"Yea, verily," said Ralph, "and at sunrise shall we be in the saddle to ride straight to Upmeads.  For I know thee, friend."

"Hold a while," said the carle, "for meseemeth I know thee also. But this withal she said:  'But hearken, Giles, hearken a while, for I see him clearly, and the men that he rideth with, and the men that are following to his aid, fierce and fell are they; but so withal are the foemen that await them, and his are few, howsoever fierce. Therefore bid him this also.  Haste, haste, haste!  But haste not overmuch, lest thou speed the worse:  in Bear Castle I see a mote of our folk, and thee amidst of it with thy champions, and I see the staves of the Shepherds rising round thee like a wood.  In Wulstead I see a valiant man with sword by side and sallet on head, and with him sitteth a tall man-at-arms grizzle-headed and red-bearded, big-boned and mighty; they sit at the wine in a fair chamber, and a well-looking dame serveth them; and there are weaponed men no few about the streets. Wilt thou pass by friends, and old friends?  Now ride on, Green Coats! stride forth, Shepherds! staves on your shoulders, Wool-wards! and there goes the host over the hills into Upmeads, and the Burg-devils will have come from the Wood Debateable to find graves by the fair river. And then do thy will, O Friend of the Well.'"

The carle took a breath, and then he said:  "Lord, this is the say I was charged with, and if thou understandest it, well; but if it be dark to thee, I may make it clear if thou ask me aught."

Ralph pondered a while, and then he said:  "Is it known of others than thy spaewife that the Burgers be in Upmeads?" "Nay, lord," said the carle, "and this also I say to thee, that I deem what she said that they be not in Upmeads yet, and but drawing thitherward, as I deem from the Wood Debateable."

Ralph arose from his seat and strode up and down the chamber a while; then he went to bed, and stood over Ursula, who lay twixt sleeping and waking, for she was weary; then he came back to the carle, and said to him:  "Good friend, I thank thee, and this is what I shall do: when daylight is broad (and lo, the dawn beginning!) I shall gather my men, and ride the shortest way, which thou shalt show me, to Bear Castle, and there I shall give the token of the four fires which erewhile a good man of the Shepherds bade me if I were in need.  And it seems to me that there shall the mote be hallowed, though it may be not before nightfall. But the mote done, we shall wend, the whole host of us, be we few or many, down to Wulstead, where we shall fall in with my friend Clement Chapman, and hear tidings.  Thence shall we wend the dear ways I know into the land where I was born and the folk amongst whom I shall die. And so let St. Nicholas and All Hallows do as they will with us. Deemest thou, friend, that this is the meaning of thy wise she-friend?"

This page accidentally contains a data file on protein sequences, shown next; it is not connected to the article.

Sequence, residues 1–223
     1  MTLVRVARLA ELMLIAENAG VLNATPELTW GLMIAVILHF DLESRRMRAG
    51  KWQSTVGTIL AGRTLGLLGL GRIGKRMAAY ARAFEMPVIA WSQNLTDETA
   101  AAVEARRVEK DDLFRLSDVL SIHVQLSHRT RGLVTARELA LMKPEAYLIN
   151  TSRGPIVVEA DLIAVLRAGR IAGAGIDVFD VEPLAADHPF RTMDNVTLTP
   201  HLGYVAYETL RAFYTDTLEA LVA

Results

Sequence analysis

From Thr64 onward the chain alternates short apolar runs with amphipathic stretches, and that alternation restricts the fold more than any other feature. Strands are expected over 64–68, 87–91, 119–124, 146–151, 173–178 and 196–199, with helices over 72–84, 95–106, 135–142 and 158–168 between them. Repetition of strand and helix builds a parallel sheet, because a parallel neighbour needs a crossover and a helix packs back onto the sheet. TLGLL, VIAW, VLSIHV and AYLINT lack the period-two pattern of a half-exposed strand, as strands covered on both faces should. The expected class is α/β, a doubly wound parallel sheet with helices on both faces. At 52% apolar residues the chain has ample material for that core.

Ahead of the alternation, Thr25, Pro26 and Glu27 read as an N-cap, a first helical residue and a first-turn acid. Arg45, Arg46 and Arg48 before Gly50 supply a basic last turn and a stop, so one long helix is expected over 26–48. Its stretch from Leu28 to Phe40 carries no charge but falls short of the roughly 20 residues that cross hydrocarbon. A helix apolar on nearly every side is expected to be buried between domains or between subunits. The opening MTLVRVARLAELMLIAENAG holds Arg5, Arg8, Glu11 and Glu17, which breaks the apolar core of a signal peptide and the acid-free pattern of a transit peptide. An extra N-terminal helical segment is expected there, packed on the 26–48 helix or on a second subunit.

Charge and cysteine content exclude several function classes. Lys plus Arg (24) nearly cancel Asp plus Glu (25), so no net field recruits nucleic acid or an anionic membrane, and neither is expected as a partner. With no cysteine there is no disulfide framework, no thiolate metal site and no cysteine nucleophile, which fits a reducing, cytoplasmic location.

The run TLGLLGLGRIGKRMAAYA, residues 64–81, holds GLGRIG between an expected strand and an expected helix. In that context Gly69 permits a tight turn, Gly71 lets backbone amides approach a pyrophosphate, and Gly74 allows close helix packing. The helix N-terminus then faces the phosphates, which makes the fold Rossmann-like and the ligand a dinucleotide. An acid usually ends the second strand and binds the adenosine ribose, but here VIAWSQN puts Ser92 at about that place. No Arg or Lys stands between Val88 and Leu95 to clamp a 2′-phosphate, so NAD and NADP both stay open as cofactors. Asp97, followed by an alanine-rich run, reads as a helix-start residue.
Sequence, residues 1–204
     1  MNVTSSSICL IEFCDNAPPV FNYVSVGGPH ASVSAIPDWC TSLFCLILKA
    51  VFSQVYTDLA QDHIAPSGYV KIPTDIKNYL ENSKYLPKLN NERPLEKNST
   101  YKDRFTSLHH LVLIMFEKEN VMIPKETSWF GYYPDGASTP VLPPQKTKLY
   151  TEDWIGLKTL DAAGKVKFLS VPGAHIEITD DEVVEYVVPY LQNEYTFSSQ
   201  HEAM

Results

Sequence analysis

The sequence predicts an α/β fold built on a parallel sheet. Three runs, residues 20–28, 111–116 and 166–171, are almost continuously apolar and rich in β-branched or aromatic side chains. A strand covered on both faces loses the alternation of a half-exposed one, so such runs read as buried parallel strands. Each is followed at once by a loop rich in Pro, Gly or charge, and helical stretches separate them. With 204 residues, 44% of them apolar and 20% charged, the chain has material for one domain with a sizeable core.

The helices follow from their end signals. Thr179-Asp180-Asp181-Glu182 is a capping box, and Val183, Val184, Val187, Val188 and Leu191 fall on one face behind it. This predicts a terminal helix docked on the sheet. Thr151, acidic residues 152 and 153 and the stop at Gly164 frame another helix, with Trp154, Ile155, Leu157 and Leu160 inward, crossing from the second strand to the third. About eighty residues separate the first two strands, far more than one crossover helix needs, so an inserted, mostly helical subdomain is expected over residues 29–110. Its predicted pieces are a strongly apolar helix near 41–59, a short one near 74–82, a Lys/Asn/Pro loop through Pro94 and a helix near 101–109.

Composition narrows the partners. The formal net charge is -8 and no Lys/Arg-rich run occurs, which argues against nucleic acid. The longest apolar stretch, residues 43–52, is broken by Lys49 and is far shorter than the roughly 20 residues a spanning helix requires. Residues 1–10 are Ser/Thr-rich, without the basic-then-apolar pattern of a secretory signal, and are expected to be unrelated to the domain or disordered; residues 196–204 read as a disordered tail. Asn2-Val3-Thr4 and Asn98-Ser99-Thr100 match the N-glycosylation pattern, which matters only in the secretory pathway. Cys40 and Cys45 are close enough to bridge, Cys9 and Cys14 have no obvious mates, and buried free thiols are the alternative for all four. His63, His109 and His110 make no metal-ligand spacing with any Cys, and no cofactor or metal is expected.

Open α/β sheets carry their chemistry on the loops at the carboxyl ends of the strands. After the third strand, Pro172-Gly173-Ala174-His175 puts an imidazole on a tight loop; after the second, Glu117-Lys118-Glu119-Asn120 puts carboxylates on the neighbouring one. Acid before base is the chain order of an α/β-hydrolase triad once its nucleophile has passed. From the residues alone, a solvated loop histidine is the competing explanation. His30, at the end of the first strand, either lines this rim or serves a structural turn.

The carle's eyes glittered, and he rose up and stood close by Ralph, and said:  "Even so she meant; and now I seem to see that but few of thy riders shall be lacking when they turn their heads away from Upmeads towards the strong-places of the Burg-devils that are hereabouts. But tell me, Captain of the host, is that victual and bread that I see on the board?"

Ralph laughed:  "Fall to, friend, and eat thy fill; and here is wine withal. Thou needest not to fear it.  Wert thou any the worse of the wine that Thirly poured into thee that other day?"

"Nay, nay, master," said the carle between his mouthfuls, "but mickle the better, as I shall be after this:  all luck to thee! Yet see I that I need not wish thee luck, since that is thine already. Sooth to say, I deemed I knew thee when I first set eyes on thee again. I looked not to see thee more; though I spoke to thee words at that time which came from my heart, almost without my will. Though it is but a little while ago, thou hast changed much since then, and hast got another sort of look in the eyes than then they had. Nay, nay," said he laughing, "not when thou lookest on me so frankly and kindly; that is like thy look when we passed Thirly about. Yea, I see the fashion of it:  one look is for thy friends, another for thy foes.  God be praised for both.  And now I am full, I will go look on thy wife."

So he went up to the bed and stood over Ursula, while she, who was not fully awake, smiled up into his face.  The old man smiled back at her and bent down and kissed her mouth, and said: "I ask thy pardon, lady, and thine, my lord, if I be too free, but such is our custom of the Downs; and sooth to say thy face is one that even a old man should not fail to kiss if occasion serve, so that he may go to paradise with the taste thereof on his lips."

"We are nowise hurt by thy love, friend," said Ursula; "God make thy latter days of life sweet to thee!"

Next: Chapter 23: They Ride to Bear Castle